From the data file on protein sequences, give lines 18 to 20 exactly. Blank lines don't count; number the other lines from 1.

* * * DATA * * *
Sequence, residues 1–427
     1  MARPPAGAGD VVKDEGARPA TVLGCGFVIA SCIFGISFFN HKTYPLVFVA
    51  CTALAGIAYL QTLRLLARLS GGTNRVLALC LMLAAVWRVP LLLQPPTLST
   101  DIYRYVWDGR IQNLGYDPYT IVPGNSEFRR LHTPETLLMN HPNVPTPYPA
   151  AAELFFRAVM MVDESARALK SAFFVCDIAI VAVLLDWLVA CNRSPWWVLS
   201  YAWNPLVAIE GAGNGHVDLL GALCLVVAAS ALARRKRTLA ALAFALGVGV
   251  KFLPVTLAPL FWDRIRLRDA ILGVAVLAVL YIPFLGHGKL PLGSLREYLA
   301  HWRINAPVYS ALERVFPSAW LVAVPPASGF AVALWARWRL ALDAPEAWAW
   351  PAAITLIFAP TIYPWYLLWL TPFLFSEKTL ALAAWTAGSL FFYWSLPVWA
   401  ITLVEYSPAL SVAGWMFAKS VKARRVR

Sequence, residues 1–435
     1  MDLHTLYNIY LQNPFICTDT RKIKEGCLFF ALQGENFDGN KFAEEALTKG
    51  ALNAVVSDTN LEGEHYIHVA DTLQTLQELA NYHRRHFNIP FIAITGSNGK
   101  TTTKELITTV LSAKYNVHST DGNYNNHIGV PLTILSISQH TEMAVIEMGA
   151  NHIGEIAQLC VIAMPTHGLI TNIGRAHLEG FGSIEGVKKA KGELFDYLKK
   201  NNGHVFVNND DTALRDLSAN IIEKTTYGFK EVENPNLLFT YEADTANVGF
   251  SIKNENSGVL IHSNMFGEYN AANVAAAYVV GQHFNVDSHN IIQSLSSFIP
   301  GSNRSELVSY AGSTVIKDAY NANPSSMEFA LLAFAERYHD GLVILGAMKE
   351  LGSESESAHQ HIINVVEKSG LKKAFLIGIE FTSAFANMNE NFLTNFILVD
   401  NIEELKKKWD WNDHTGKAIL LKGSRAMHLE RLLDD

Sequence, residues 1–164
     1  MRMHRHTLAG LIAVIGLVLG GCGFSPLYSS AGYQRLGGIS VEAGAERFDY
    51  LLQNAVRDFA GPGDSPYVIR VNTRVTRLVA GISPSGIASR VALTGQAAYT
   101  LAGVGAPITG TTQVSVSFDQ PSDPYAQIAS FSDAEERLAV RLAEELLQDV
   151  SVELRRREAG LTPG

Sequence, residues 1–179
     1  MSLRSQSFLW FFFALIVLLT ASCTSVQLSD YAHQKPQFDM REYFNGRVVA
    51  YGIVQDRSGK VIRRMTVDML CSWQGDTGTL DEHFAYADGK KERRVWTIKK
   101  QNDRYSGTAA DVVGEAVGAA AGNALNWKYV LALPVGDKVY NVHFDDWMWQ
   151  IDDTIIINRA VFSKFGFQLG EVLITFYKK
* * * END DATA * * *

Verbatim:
   301  GSNRSELVSY AGSTVIKDAY NANPSSMEFA LLAFAERYHD GLVILGAMKE
   351  LGSESESAHQ HIINVVEKSG LKKAFLIGIE FTSAFANMNE NFLTNFILVD
   401  NIEELKKKWD WNDHTGKAIL LKGSRAMHLE RLLDD